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Big Fish and Mentality

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April 4, 2014

Big Fish and Mentality


As a young angler, fishing was simple. It was a matter of getting my chores done so I would be granted a few hours at the local pond. It was a matter of scrounging up enough change to buy a can of sweet corn and a root beer. I didn't need to choose a specific lure or color pattern. All I needed was my Zebco and some hooks and sinkers. I caught many carp and the occasional channel catfish. The most important factor for catching fish was simply being able to go fishing. These days, things have grown a bit more complicated....

Last week, I found myself somewhat stressed as I sat in the blue glow of the computer screen. My mind was filled with dozens of questions pertaining to my decision of going fishing on the weekend. The pure excitement I once felt while planning an outing had been replaced by anxiety. I was researching my past trips, reading water temperature reports, debating lure choice and trying to balance other responsibilities with my obsession. Even on the water, I felt pressed for time and pressured to 'make something happen'. I wasn't concentrating on fooling a big fish or enjoying my time outdoors. I felt like I had to cram catching fish into my schedule or I wouldn't feel satisfied. At one point, I stopped casting and let out a sigh. I realized I was doing my favorite thing in the world and I wasn't having any fun.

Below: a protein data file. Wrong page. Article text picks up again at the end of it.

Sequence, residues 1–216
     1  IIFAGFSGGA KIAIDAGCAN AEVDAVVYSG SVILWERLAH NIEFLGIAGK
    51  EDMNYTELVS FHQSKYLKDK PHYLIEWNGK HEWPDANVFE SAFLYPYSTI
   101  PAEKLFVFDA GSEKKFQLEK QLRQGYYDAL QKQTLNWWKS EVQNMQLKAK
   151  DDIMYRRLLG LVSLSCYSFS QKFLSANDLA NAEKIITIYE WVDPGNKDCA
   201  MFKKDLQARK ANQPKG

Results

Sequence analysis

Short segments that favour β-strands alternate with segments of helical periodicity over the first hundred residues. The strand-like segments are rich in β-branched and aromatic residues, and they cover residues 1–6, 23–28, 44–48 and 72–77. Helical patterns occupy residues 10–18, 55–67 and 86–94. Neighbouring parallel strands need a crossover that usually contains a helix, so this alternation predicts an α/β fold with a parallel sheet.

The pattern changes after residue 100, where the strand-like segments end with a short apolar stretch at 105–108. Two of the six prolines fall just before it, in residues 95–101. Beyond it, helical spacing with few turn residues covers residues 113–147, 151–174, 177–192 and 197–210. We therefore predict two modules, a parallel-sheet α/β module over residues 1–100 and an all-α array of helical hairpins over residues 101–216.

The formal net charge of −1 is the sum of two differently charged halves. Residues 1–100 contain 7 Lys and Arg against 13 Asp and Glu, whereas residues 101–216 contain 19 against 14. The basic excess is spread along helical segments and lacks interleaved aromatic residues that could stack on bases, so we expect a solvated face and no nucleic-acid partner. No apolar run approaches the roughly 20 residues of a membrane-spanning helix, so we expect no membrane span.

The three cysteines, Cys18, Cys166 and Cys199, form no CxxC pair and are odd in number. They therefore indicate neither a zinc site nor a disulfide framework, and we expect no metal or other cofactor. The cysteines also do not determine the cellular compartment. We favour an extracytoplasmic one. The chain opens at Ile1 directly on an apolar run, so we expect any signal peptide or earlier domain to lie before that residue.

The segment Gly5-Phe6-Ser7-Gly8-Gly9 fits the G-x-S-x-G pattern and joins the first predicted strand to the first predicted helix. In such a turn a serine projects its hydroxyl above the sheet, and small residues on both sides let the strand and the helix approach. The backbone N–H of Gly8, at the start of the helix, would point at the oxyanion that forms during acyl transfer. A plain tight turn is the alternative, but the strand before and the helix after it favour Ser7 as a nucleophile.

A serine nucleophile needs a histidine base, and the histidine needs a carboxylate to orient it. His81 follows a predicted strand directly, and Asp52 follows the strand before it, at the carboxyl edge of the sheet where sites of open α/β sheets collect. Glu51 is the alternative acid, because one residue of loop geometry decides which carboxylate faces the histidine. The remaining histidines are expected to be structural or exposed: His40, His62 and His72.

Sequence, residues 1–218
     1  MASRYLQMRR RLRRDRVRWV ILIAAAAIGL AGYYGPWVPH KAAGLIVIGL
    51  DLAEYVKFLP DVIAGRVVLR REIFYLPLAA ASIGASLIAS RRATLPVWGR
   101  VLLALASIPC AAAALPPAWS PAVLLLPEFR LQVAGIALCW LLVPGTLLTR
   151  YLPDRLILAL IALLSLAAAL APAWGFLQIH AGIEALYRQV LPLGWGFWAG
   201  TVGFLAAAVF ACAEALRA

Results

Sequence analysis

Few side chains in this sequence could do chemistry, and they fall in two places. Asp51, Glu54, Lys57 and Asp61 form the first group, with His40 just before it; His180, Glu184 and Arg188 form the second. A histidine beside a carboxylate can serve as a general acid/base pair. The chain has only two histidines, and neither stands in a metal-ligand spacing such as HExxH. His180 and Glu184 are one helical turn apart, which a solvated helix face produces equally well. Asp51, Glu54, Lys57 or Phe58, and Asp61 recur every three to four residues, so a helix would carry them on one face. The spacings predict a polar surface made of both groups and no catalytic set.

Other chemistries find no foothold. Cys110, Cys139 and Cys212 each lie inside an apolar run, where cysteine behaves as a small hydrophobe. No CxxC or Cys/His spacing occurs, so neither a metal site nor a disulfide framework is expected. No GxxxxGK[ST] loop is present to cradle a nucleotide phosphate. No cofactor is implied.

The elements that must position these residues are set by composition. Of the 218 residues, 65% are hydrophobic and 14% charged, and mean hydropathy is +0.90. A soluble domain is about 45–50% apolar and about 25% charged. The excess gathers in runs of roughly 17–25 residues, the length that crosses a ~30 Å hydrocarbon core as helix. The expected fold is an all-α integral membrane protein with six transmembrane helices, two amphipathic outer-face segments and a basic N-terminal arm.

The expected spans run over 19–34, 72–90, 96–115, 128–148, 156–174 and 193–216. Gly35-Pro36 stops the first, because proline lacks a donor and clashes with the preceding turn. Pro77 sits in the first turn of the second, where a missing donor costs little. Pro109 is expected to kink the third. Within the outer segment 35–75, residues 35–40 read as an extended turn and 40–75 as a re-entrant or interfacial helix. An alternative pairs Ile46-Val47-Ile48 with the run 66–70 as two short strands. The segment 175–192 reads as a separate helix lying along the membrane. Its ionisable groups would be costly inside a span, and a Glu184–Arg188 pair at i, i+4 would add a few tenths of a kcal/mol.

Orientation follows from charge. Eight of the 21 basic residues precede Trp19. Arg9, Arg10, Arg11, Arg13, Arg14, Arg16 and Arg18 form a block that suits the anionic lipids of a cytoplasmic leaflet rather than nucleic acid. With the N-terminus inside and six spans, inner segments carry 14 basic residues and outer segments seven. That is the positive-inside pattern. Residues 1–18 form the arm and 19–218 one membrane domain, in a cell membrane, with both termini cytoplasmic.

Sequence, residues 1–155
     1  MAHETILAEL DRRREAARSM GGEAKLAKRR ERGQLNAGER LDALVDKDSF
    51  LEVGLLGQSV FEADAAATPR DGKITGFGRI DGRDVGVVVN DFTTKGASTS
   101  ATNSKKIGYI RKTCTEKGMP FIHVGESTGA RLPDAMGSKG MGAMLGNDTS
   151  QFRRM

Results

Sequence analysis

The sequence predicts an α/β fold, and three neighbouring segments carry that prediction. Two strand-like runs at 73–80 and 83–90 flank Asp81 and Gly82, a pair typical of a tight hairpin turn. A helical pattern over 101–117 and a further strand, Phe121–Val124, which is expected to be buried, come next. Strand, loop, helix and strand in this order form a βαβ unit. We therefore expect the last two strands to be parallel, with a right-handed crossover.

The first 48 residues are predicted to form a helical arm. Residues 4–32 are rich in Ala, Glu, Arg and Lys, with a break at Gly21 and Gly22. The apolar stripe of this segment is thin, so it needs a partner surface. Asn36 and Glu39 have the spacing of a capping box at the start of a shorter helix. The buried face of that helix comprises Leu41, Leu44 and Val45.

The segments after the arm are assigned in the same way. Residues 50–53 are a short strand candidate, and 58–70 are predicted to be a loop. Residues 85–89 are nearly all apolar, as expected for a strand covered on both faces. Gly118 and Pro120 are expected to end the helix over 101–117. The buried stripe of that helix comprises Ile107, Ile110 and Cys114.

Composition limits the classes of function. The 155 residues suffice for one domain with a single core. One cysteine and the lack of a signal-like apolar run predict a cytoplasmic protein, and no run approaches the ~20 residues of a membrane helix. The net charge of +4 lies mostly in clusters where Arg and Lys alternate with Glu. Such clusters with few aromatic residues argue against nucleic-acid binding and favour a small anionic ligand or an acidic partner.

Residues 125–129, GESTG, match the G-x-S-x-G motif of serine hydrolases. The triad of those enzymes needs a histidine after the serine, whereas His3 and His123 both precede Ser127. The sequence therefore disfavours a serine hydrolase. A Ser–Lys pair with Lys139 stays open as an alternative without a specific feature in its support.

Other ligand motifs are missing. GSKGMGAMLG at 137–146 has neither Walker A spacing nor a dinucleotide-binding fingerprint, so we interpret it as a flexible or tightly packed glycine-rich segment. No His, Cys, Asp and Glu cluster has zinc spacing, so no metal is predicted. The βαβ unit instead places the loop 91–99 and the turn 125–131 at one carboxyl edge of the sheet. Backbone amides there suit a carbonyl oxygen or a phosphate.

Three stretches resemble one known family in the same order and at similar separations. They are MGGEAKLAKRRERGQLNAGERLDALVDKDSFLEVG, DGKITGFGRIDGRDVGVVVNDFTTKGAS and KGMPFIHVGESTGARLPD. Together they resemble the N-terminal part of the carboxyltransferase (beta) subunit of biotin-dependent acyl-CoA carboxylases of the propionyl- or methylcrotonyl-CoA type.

I've had the same feeling before while fishing tournaments. That moment when you are not having the best of luck and you see someone on another boat hoist a big fish in and let out a celebratory howl. You start re-thinking your whole game plan. You start switching out lures or moving around to different spots. You lose confidence and without realizing it, the enjoyment of the sport diminishes. More often than not, the negative mind set leads to catching less fish. Instead of thinking that you did what you could, you think about what you didn't do, you question yourself. Looking back on these moments, I've realized despite the many decisions one is faced with when fishing...there is one factor more important than all others...confidence. If you don't believe in what you are doing, you won't give it your full effort.

A few years back, I remember standing in the pre-dawn darkness chucking lures into 30 mph wind gusts. It was early spring and I felt a little crazy but it felt good. I wasn't worried about the fact that most fishermen were tucked in bed asleep, waiting for fairer weather. I wasn't worried about whether or not I caught a fish. I just wanted to fish and I was enjoying it. I had selected a lure that made the most sense to me and I was confident in my choice. If I didn't catch anything, I would at least get to say I was hardcore and have the bonus of learning from being out on the water. As luck would have it, the largest pike I've ever caught slammed my crank right at my feet. Moments later, I lifted the toothy giant from the net and held it up for the camera. I didn't catch many fish that night but it was one of my most memorable fishing trips. I could have sat at home debating whether or not to go until was too late. I could have read the weather report and tucked my tail. That night I didn't let negative thinking stop me from catching the fish of a lifetime. I didn't debate which lure to throw. I was decisive and I fished with confidence. Ironically, most of my best fish came in situations when one might not expect to catch a big fish. No amount of consideration for the various factors that lead to success would've helped me. It was very simple, I decided to go fishing because fishing is fun and I ended up being rewarded in a big way.